1. Renee, you have no idea how many people ask me about that everywhere I go. But that’s fine with me, it is a good conversation starter since everyone has an opinion on politics.

  6. Great photos!! Even though I’ve been to Puerto Rico before, now I feel like I need to go back- so much I didn’t see!

  7. Nice article and totally agree about the public transport, though it seems that the mayor of San Juan is looking to the future with his light rail plans.

    It’s also worth noting that you can get some decent deals on car rentals which is the best way to get out of San Juan and explore the rest of the island

    1. You got good points there Brian. There are plans for a light rail to connect with the airport and to go to Old San Juan. Hopefully it will be developed in the following years. And yes. Often times there are great deals on car rentals.

  8. Really interesting overview, I had no idea the island was so expensive.
    I’ve always been interested though, seems like a fascinating culture.

    1. Yes, it is somewhat expensive since most of the economy follows the U.S. standards. I love Puerto Rican culture and history, it spans for over 500 years and it is a mix of native, african, spanish, and now american cultures.

  9. beautiful photos and great info! definitely appreciate the tips to avoid being pawns in the tourist con game!

    1. Thanks Lorna! That’s one of the things I try to avoid too; being a pawn of the tourist industry. Good thing we can all help each other through these blogs and more. 🙂

  10. I’m leaving for puerto Rico on Saturday and am looking for the best places to SCUBA dive. I’m open water certified, but my brother needs to get his certs. Any thoughts on the best place to start?

    1. So cool you’re going there! Definitely… In my opinion the best places to SCUBA are in the small islands of Vieques and Culebra (loved Culebra more), and on the west coast of the island. You can also go to Fajardo (lots of diving shops to rent equipment there), take a catamaran and dive at some of the “in between islands” spots. Let me know if you need any more info. 🙂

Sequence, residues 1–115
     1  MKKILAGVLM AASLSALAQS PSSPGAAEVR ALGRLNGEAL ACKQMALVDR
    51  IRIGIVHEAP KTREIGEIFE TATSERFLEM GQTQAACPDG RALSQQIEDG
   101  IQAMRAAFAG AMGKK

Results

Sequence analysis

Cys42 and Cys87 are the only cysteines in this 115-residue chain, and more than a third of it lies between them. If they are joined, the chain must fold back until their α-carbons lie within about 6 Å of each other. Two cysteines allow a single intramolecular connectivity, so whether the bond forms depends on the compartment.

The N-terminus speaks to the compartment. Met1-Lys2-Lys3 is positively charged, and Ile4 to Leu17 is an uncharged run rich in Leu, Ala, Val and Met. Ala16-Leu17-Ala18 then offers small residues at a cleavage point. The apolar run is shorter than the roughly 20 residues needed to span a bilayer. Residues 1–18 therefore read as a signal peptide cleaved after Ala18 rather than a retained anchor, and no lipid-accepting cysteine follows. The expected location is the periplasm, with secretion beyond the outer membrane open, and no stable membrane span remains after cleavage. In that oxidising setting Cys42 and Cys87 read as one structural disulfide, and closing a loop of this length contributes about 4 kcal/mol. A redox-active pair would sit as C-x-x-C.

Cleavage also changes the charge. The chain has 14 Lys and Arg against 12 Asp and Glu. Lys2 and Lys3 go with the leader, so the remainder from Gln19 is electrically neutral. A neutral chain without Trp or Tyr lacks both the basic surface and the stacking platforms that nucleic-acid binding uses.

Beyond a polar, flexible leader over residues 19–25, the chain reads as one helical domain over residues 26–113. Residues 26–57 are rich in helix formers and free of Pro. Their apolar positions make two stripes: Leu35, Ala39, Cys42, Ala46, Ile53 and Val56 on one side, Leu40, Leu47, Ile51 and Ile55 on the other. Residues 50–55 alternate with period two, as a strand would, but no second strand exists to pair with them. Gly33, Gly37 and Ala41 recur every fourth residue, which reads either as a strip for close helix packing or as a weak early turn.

11. Thanks for these bunch of tips about puerto rico’s island. $100/night’s quite a good deal for europeans who’re not facing the very bad effects of the crisis. alright i’ll see puerto rico .com

    1. Thanks for stopping by! Yes, it can be relatively affordable to many europeans who visit the island. The currency exchange gives you an advantage there.

    1. You should definitely go there. Hike to the top, and if you have the chance swim in the river. It’s cold, but fun!

  12. I’m leaving for puerto Rico on Saturday and am looking for the best places to SCUBA dive. Enjoy your morning desert safari dubai completely in your Dubai excursions, breathe life in Dubai’s gold sands. the Pulsating desert quad motorbikes, dune buggy.

  13. My wife and I are going to Puerto Rico this summer and couldn’t be more excited. Getting to the Caribbean has always been on our bucket list. I appreciate the advice on packing some rain gear in case we do encounter some weather.

    1. Hi Brian –

      Well, while Puerto Rico is catching up with ADA accessibility, many parts of the island are still not compliant. Unfortunately, Old San Juan is one of those, given that it is a historic city. Still, there are areas in Old San Juan you could reach with a mobility scooter, like the grounds at El Morro, the southern part of the city, and some streets in between. Sorry I don’t have specifics here as, with all honesty, I’ve never taken a proper look at it.

      Condado and Isla Verde, on the other hand, are more ADA friendly as their sidewalks have been re-done in the last decade to include more accessibility. Any part of the island that has been designed in the last two decades has ADA accessibility in mind. There are handicapped parking spaces everywhere, also.